The Goldfish Boy by Lisa Thompson


A pacey page-turning mystery mashes with an ‘issue’ story in this latest middle grade novel, which won me over with its cunning charm and sympathetic lead character.

Twelve-year-old Matthew Corbin suffers from obsessive compulsive disorder to the extent that he has imprisoned himself within certain rooms of the family house. He spends his days watching out the window – either of his own bedroom or the office/nursery in the upstairs of his house. This device, as anyone who has ever done any surveillance or curtain-twitching, can lead to surprising and interesting discoveries. Matthew takes copious notes of his neighbours’ comings and goings – some humorous, some intriguing.

When a sleek car pulls up in the road and delivers two children to their grandfather, in the house next door to Matthew, things in the neighbourhood start to shake up. Particularly when one of the two children disappears.

Light compelling prose is interspersed with Matthew’s notes on his neighbours, which lightens the text even further, and the chapters are short and pithy, so that the novel skips along at pace. The observations are funny and astute:

“Mr Charles could have been anything from sixty-five to ninety-five – he never seemed to get older. I thought he’d just found an age he quite liked and just stopped right there.”

What’s more, although the book contains a clever mystery – can the reader work out who has taken the child before Matthew does – Lisa Thompson deals sensitively with the issue at hand – OCD.

This is a book for eight year olds and over, so of course, simplicity rules in dealing with the emotional complexity of mental health. Thompson skims over any difficulties with children’s mental health services, and merely touches the surface of the excruciating physical pain that comes with obsessively washing hands and using strong cleaning products, but she does include some brilliant nuggets of truths in dealing with the issue. That a person with OCD can’t just stop it because they’re told to, that it’s not a result of being an overly ‘tidy’ person – but that there is usually a complex reason behind it. With Matthew, Lisa makes the reason fairly simplistic and drops large clues throughout the novel that point to it, with an ending that gives massive hope for recovery.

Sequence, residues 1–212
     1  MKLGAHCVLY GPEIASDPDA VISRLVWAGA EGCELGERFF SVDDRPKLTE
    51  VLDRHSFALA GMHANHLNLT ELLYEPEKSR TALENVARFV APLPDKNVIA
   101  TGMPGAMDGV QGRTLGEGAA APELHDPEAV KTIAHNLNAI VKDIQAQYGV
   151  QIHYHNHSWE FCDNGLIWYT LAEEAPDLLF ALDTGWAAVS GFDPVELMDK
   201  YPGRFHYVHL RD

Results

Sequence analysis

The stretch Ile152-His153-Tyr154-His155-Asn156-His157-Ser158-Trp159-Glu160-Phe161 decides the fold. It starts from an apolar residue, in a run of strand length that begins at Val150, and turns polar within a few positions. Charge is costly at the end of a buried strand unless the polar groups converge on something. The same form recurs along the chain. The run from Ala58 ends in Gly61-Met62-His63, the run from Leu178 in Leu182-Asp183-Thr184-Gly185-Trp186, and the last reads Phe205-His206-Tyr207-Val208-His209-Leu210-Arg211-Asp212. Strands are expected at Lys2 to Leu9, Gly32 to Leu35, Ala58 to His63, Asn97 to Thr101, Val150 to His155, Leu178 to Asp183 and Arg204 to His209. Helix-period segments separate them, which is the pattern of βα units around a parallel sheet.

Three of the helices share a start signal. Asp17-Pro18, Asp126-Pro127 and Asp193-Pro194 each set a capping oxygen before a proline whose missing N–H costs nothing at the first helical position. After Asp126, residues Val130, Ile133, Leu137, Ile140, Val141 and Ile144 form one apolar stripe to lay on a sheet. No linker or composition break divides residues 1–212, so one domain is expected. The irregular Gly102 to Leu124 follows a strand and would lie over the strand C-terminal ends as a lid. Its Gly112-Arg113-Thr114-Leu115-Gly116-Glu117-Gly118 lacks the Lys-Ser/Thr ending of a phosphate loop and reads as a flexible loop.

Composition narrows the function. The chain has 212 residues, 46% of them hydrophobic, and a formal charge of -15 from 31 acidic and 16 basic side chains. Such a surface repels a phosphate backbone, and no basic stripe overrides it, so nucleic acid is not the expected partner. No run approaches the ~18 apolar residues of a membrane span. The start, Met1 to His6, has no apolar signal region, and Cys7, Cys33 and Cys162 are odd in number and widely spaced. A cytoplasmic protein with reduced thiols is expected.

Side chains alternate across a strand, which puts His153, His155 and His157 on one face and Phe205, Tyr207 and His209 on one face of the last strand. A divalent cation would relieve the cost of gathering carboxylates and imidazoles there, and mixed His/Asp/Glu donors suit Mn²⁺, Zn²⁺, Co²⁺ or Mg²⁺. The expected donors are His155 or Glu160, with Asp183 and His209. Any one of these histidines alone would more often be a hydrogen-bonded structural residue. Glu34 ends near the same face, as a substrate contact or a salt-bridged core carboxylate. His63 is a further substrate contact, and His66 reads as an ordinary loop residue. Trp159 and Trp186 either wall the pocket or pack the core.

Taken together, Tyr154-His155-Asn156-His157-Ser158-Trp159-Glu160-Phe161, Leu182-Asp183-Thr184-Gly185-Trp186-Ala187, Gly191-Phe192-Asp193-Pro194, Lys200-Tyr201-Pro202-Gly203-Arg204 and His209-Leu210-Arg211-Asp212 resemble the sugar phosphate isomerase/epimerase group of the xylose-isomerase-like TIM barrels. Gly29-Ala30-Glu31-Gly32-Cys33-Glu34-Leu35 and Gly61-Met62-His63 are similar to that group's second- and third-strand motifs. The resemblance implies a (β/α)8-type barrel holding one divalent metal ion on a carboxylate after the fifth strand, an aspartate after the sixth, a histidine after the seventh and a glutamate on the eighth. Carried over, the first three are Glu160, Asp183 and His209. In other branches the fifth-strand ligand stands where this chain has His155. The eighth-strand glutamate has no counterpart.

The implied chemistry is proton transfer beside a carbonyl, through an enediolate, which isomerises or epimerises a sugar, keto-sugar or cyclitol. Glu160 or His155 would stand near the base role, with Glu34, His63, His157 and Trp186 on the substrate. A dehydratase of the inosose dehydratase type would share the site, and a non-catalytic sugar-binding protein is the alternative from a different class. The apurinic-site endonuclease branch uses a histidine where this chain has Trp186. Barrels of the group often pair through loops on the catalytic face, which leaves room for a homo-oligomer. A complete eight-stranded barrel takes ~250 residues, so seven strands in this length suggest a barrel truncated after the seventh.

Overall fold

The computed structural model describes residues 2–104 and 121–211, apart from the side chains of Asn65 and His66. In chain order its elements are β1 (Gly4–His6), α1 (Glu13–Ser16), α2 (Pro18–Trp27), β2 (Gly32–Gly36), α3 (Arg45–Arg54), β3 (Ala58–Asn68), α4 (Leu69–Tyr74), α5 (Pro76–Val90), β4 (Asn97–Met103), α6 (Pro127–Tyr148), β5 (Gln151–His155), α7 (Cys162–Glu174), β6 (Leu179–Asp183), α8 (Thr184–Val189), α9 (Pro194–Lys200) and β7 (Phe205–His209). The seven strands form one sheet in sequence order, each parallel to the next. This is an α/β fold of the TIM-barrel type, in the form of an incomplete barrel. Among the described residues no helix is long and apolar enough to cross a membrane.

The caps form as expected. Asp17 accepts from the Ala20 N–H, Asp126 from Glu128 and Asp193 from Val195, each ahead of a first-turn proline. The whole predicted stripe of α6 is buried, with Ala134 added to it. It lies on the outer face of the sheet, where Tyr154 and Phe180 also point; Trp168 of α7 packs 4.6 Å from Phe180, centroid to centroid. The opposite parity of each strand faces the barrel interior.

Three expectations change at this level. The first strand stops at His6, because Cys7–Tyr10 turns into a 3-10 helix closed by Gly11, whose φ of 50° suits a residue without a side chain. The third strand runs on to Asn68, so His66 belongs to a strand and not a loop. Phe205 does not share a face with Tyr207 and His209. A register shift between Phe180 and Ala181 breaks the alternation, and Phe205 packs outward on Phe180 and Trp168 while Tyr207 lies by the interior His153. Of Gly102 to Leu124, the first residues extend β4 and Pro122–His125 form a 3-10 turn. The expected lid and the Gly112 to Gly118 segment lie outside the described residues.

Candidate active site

However, she does also include the heartache that goes along with mental health issues – from the reaction of strangers and neighbours to the illness, to the absence from school and friendships – and, most telling, the agonies of Matthew’s parents. For young readers this will just come across as a shadow of anxiety that falls across Matthew’s life – borne out sometimes by his father’s frustration, and his mother’s hurt, but other readers will also pick up on how they wrestle with what to do in the situation. There’s a strong background of hurts not only in their lives, but in the neighbours’ hidden pasts, and these are all hinted at during the novel. No one’s behaviour goes unexplained.

In fact, for me, this is what propels this novel to book of the week. Each character behaves weirdly if judged simply from Matthew’s notebook – the girl who visits a graveyard almost daily, the bully, the old lady who keeps a light on 24 hours a day, the awkwardness in their dealings with each other, (and Matthew is adept here at looking at body language as well as actions). But each character’s own quirks and perceived weirdness is gradually explained through knowledge and empathy.

So yes, mental health is addressed, and the book features a missing child, but there are so many elements of humour and so many incidents of sympathy and hope that this isn’t a dark novel. It’s poignant, uplifting, and essentially pretty positive. All in all there is more to a person than the quirk with which they are labelled, in the same way that this book is much more than just about OCD. Scratch the surface – there is much more to gain.

Publishes 5th January, although I have already seen copies in the shops, and you can buy it here.

  1 comment for “The Goldfish Boy by Lisa Thompson

Comments are closed.